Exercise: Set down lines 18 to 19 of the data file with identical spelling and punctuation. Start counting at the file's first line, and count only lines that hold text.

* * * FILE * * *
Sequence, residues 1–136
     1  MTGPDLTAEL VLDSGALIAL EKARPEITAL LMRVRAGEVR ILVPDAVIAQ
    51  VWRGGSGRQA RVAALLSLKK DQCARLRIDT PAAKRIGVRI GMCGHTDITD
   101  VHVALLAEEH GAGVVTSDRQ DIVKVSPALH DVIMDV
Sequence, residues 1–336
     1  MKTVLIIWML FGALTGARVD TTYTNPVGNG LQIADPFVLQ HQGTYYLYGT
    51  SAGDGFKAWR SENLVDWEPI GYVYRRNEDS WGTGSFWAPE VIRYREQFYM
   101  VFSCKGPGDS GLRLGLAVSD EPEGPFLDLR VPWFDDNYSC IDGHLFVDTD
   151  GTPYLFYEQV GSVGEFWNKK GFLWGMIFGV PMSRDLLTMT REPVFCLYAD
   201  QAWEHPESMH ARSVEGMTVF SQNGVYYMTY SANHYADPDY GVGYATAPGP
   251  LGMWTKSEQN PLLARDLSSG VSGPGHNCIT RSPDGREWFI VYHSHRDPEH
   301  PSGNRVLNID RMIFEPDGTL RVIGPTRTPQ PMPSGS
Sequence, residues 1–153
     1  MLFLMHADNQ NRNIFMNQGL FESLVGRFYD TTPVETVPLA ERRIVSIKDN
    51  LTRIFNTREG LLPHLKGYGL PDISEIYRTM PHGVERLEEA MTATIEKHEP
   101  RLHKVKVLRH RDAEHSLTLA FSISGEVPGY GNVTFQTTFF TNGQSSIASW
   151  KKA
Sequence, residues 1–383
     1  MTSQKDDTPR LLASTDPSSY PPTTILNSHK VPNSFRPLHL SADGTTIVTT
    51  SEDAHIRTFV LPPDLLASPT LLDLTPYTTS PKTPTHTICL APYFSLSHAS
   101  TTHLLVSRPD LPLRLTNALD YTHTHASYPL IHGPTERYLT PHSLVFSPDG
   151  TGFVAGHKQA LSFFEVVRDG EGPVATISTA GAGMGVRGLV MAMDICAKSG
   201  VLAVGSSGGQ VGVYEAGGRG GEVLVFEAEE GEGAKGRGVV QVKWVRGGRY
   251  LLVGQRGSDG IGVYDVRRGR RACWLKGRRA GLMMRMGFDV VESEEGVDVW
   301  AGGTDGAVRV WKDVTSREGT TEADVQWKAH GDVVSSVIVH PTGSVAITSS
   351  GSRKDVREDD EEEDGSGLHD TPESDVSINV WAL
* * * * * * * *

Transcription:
Sequence, residues 1–383
     1  MTSQKDDTPR LLASTDPSSY PPTTILNSHK VPNSFRPLHL SADGTTIVTT